Our Hawkesbury-Nepean River
Water is essential to human life and the health of environment. The Hawkesbury-Nepean River is the largest and one of the most important river systems in NSW. It acts as a complex, living entity by providing habitats for numerous native plant and animal species, supplying fresh drinking water, and supporting many of Sydney’s critical industries. Water is necessary not only for life to exist, but to also flourish.
Since European settlement, the river has been increasingly relied upon to meet the demands of our growing population. It now provides 97% of the fresh drinking water for more than 4.8 million people living in and around Sydney. It also supports the agriculture and aquaculture industries that provide much of Sydney’s fresh food, as well as supporting other mining, manufacturing, processing, recreation, and tourism industries. In many ways, the river underpins the development of Sydney itself.
As a result of increasing pressure, the health of the Hawkesbury-Nepean River system has declined over time. Population growth across Sydney has resulted in large volumes of water being taken out of the river for drinking water, irrigation, and industrial uses. Pollution and high nutrient levels from agricultural, urban, and industrial runoff as well as treated sewerage from the number of sewerage treatment plants has contributed to the degrading river system.
As a city and people, we owe much of our achievements to the Hawkesbury-Nepean River system. However, the water that pours downstream for us is but a trickle compared to what the river and its’ ecosystem needs to flourish. By giving back to the river as it has given us, we can ensure that the future of the river, its’ plants and animals, and ourselves will grow and prosper.
The Hawkesbury-Nepean is a catchment of national significance. The catchment flows through areas of Sydney, supplying the city and surrounding regions with food, water and other resources. The Hawkesbury-Nepean catchment covers more than 22,000 square kilometres (2.2 million hectares). The river flows from south of Goulburn to Broken Bay, approximately 470 kilometres in distance, making it the longest coastal catchment in NSW.
The Nepean River
The Nepean River subcatchment lies on the Greater Blue Mountains World Heritage Area through to agricultural and rural-residential properties and there are also significant urban and industrial areas in this subcatchment, including the city of Penrith. The subcatchment extends from Camden to the confluence with the Grose River near Yarramundi.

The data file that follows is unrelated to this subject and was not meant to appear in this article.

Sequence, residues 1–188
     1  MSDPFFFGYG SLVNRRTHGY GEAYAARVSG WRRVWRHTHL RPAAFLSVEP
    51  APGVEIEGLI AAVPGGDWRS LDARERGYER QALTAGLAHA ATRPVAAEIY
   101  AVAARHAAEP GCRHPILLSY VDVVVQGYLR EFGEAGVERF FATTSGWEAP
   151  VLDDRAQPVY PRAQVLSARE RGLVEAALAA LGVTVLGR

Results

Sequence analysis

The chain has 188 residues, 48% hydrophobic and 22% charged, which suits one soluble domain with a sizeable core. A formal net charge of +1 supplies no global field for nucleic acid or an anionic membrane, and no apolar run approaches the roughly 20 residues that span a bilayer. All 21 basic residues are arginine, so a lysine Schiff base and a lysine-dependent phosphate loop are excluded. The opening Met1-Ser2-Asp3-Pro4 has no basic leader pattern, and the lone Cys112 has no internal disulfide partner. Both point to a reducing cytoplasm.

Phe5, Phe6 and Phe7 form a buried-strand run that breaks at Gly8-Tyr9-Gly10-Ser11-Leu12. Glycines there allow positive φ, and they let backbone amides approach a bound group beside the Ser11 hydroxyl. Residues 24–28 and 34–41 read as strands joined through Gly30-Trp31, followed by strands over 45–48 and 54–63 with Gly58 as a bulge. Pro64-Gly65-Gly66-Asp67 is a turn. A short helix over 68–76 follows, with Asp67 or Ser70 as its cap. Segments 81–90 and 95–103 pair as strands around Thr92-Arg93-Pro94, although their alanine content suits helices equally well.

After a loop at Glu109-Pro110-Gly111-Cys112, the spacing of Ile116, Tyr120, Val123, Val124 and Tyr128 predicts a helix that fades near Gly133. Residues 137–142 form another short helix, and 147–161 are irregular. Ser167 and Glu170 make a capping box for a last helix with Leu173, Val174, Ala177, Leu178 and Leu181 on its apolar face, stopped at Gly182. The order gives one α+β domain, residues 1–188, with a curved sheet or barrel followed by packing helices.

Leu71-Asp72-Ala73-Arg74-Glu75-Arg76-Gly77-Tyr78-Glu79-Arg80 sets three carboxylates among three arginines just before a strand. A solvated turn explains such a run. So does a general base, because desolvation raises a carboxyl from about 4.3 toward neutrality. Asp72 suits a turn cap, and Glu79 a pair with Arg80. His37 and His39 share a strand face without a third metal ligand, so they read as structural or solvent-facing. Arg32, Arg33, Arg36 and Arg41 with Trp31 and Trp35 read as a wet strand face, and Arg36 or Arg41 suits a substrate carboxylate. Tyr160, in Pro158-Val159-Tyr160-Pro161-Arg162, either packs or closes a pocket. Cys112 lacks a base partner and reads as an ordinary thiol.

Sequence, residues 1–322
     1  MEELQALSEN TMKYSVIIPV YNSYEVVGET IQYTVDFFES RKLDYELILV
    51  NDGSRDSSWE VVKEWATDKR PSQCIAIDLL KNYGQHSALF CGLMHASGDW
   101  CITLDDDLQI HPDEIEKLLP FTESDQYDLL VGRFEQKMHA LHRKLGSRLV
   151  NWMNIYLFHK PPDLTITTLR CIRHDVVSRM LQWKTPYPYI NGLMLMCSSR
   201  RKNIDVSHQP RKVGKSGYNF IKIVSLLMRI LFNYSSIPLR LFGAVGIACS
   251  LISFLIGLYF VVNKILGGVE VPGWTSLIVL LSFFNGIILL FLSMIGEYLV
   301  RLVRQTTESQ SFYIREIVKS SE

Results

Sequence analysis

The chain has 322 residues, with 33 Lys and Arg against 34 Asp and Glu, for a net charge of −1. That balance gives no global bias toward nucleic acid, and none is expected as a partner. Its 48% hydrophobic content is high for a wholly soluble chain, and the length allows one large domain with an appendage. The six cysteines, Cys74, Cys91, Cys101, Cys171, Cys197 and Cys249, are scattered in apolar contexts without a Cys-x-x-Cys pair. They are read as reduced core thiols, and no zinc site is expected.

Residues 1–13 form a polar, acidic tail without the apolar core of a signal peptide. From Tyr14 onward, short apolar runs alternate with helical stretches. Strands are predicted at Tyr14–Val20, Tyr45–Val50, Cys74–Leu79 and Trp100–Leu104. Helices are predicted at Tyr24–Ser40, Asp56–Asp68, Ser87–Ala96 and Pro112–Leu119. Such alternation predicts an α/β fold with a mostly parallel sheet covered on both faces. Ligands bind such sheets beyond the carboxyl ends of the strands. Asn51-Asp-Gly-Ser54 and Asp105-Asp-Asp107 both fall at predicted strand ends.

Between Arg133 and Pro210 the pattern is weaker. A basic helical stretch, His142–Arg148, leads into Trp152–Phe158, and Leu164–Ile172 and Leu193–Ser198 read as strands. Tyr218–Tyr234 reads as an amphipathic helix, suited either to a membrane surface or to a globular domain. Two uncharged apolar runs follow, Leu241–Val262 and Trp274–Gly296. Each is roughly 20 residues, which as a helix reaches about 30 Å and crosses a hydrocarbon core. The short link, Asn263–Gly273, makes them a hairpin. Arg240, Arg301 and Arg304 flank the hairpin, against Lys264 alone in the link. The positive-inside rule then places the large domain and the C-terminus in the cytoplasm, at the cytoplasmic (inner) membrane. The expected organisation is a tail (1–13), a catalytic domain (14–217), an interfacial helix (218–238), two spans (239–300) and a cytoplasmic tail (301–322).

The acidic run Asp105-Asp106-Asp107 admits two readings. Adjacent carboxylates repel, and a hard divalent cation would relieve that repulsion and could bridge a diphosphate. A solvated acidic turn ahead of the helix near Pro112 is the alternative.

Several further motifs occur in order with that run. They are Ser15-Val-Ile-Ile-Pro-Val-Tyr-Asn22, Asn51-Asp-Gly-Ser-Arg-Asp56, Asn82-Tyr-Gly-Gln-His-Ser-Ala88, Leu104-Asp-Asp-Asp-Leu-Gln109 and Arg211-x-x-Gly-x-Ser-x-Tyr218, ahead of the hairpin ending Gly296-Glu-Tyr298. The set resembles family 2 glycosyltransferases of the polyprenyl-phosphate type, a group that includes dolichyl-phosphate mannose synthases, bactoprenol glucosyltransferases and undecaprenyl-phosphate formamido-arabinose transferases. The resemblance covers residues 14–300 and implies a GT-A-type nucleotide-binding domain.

The Hawkesbury River
The Hawkesbury River subcatchment lies on the agricultural and peri-urban fringe of urbanized North Western Sydney. The subcatchment extends from the Nepean River confluence with the Grose River near Yarramundi to the lower estuary of the Hawkesbury River at Webbs Creek near Wiseman’s Ferry. The tidal influence in the Hawkesbury River extends into this subcatchment, reaching approximately 145km upstream from Broken Bay.
What is a catchment?
A catchment is an area of land, usually surrounded by mountains or hills, over which water flows and is collected. When water reaches the lowest point in a catchment, it eventually flows into a creek, river, lake, lagoon, wetland or the ocean.
Our Current Focus Areas and Activities along the River
Upper Nepean - Penrith
Penrith is located 50 kilometres west of the Sydney CBD, New South Wales, in the local government area of Penrith. Students groups from the University of Western Sydney carry out annual water quality testing in the Nepean River above and below the weir, as well as in Peachtree Creek and Boundary Creek at Penrith.
Lower Nepean - Yarramundi
Yarramundi is located 69 kilometres north west of the Sydney CBD, New South Wales, in the local government area of the Hawkesbury. Students and academics from the Western Sydney University have been looking for evidence of platypus populations in the confluence of the Hawkesbury-Nepean Rive, the Grose River at Yarramundi and upstream in the Grose River.
Upper Hawkesbury - Windsor
Windsor is located 55 kilometres north west of the Sydney CBD, New South Wales, in the local government area of the Hawkesbury. The HNRWA has begun annual microplastic counts at Windor Beach. Students groups from the Western Sydney University also carry out annual water quality testing in the Hawkesbury River and South Creek at Windsor.
Lower Hawkesbury - Sackville
Sackville is located 80 kilometres north west of the Sydney CBD, New South Wales, in the local government area of the Hawkesbury. Students groups from the schools all over Sydney in conjuction with Brewongle Environment Education Centre carry out annual water quality testing in the Hawkesbury River at Sackville.